Falling in Love with a Product: The Structure of a Romantic Consumer-Product Relationship

Yun-Oh Whang, University of Central Florida Jeff Allen, University of Central Florida Niquelle Sahoury, University of Central Florida Haitao Zhang, University of Central Florida ABSTRACT
Consumers often say they are “in love with a product or brand,” but what does being in love with a product really mean? Do consumers actually find themselves in a romantic product relationship that resembles a love relationship with another person? To address this question, a sample of male bikers (n=179) was surveyed with an instrument used in psychology to study different styles of interpersonal love. Findings suggest that bikers’ love toward their motorcycles resembles an interpersonal love that is passionate, possessive and selfless in nature. Only the passion component of interpersonal love had an impact on loyalty to their bikes. Consumers frequently ascribe existence to relationships they form with products and/or brands. As examples, some consumers name their automobiles while others insist on Harley motorcycles or demand “the real thing” over New Coke. Obviously, the vehicles are not just viewed as transportation and even classic Coke means more to loyal followers than simply a can of refreshment. What is more, consumers often say they are “in love with a product or brand,” but what does being in love with a product really mean? Is love for a product a strong expression of attachment or loyalty, or do consumers actually find themselves in a romantic relationship resembling love toward another person? If product love is romantic in makeup, then theories in psychology regarding different types of interpersonal love may be useful in capturing the fundamental nature of this phenomenon. Some researchers in psychology argue that “falling in love is something that happens to us, not something we make happen” (Walsh 1991, p.186), suggesting that marketers cannot induce consumers to fall romantically in love with products. At the same time, proposed theories explaining why people fall in love provide insight on how close interpersonal relationships are formed (see Sternberg 1987 for a review). One study in particular (Lee 1977) developed a typology identifying six styles of love, one or more of which may explain the type of the love consumers develop with products. Marketers desire to form close consumer-product relationships because it leads to customer retention through brand loyalty. One organization recognized for having extremely loyal customers is Harley-Davidson (see e.g., Berry 1995; Schouten and McAlexander 1995; Spethmann 1998). For that reason, the Harley brand of motorcycle appears to be well suited for exploring the existence and structure of romantic consumer-product relationships. Borrowing from the literature on interpersonal love, the primary objective of the study is to develop a theoretical framework for understanding the structure of love toward a product. Is consumers’ “love” for a product similar to or different from romantic love toward another person? Secondary objectives are to identify different love styles and any demographic features that might be related (see e.g., Lee 1977; Taraban and Hendrick 1995). The study’s findings should not only provide marketers with an understanding of the fundamental nature of product love, but also offer some insight into the formation of romantic product/brand relationships. The next section reviews previous literature and discuses a theoretical framework linking interpersonal with product love.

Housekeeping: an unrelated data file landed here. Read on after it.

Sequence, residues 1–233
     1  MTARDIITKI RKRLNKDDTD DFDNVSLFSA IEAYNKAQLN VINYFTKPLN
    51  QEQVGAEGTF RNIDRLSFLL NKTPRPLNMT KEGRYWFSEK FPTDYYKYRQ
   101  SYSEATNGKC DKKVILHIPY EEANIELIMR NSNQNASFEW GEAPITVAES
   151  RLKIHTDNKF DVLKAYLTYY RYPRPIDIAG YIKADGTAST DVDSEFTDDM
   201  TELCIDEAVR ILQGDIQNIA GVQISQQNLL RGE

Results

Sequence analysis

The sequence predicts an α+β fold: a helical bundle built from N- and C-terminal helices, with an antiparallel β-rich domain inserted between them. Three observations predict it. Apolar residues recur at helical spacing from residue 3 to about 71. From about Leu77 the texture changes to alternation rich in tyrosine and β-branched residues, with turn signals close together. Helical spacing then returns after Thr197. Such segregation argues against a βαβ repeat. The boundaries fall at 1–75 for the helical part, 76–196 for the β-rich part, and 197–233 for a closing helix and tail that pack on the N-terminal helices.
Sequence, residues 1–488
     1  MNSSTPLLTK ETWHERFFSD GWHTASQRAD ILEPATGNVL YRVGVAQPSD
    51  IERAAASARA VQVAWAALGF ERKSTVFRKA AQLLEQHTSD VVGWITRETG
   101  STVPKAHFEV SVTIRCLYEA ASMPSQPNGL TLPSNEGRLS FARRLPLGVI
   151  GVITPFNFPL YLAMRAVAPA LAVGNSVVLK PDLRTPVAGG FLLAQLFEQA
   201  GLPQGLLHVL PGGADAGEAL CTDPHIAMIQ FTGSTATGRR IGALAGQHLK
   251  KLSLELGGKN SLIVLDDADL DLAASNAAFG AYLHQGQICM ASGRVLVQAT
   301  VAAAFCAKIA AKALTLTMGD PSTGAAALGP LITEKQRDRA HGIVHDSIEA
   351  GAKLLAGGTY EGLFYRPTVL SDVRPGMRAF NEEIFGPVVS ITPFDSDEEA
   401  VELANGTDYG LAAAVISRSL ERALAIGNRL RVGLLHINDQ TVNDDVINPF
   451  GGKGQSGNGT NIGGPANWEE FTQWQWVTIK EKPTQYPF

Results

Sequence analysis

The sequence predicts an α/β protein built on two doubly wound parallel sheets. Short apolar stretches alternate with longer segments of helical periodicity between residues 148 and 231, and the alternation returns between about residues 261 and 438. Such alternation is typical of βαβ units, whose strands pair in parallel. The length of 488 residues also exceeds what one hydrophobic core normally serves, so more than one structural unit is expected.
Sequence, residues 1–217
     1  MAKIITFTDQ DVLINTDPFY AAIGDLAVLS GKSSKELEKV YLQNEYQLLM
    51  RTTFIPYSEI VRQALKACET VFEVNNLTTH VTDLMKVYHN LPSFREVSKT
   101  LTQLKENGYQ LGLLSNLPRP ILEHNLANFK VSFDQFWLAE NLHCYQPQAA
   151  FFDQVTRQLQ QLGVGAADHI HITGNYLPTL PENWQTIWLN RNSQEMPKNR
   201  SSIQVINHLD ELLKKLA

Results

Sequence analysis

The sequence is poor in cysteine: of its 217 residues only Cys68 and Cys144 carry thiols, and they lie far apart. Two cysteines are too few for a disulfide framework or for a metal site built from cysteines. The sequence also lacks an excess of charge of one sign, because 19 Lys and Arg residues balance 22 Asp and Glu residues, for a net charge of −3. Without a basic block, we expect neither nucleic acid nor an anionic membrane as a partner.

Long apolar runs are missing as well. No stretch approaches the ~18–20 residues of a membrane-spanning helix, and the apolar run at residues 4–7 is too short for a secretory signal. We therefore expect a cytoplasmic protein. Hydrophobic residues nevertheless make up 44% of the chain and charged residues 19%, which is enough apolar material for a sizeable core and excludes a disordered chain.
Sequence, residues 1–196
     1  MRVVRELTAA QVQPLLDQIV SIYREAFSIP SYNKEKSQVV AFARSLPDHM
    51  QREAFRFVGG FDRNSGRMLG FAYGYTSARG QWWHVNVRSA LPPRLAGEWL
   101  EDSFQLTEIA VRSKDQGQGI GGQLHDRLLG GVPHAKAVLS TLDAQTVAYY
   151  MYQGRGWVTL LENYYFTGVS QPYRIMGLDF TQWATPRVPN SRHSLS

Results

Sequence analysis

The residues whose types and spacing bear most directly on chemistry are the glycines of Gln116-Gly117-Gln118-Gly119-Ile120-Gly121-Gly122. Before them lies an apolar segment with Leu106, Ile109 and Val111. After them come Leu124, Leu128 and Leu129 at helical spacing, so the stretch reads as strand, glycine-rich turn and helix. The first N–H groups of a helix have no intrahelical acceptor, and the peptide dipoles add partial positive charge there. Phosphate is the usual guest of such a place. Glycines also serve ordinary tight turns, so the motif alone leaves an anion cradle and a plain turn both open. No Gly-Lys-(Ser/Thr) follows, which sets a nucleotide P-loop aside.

Although there is no universally accepted definition of love, anyone knows when s/he is in love with another. Love is an outcome of bi-directional interaction between two partners, yet its highly dynamic interactivity makes it challenging for researchers to study. But, when the target of love is replaced with an object (e.g., a product or brand), love becomes unidirectional and thus less dynamic. In this way it is perhaps easier to study product rather than interpersonal love. Unfortunately, to date there has been little research on this issue. This also raises a fundamental research question; can product love be described as romantic even though it is not directed toward another human being? Consider Branden’s (1980) definition of love quoted below. “The origin of our desire to love lies in our profound need to value, to find things in the world which we can care about, can feel excited and inspired by. It is our values that tie us to the world and that motivate us to go on living. Every action is taken for the purpose of gaining or protecting something we believe will benefit our life or enhance our experience” (p.67). From this definition, it can be concluded that the target of a romantic relationship (i.e., love) is not limited to another human being. The term love has been applied in the marketing literature in several ways. Extending resource exchange theory (Foa and Foa 1974), Brinberg and Wood (1983) suggested six resource categories for market exchange that included love; the others are status, information, money, goods, and services. More recently, Fournier (1998) proposed an integrated framework for brand-consumer relationships categorizing relationship quality as love/passion, commitment, and intimacy, categories that correspond to the proposed dimensions of Sternberg’s (1986) triangular theory of interpersonal love. Concepts similar to love have also been studied in the marketing literature. Individual self-expression (e.g., Kopytoff 1986; McCracken 1986) and identity development (e.g., Kleine, Kleine III, and Allen 1991) have been suggested as key drivers of emotional attachment to an object. Ethnographic research on the extremely loyal customers of Harley-Davidson motorcycles (Schouten and McAlexander 1995) and the television series Star Trek (Kozinets 2001) has introduced the idea of “brand communities” (e.g., McAlexander, Schouten, and Koenig 2002). Brand communities refer to groups of consumers “based on a structured set of social relationships among admirers of a brand” (Muniz Jr. and O’Guinn 2001, p412). These and other studies have investigated consumption phenomena akin to “being in love” with a product or brand. Although these studies intimate the possibility of a romantic consumer-product relationship, none have attempted to directly link theories of interpersonal love with love toward a product. Numerous studies on interpersonal love in psychology have proposed various theories on the nature of love and developed suitable scales to empirically test these frameworks. Table 1 presents a summary of five prominent theories and their dimensions or styles of love. Conducting a comprehensive factor analysis of all five theories, Hendrick and Hendrick (1989) reported that Lee’s (1977) Advances in Consumer Research Volume 31, © 2004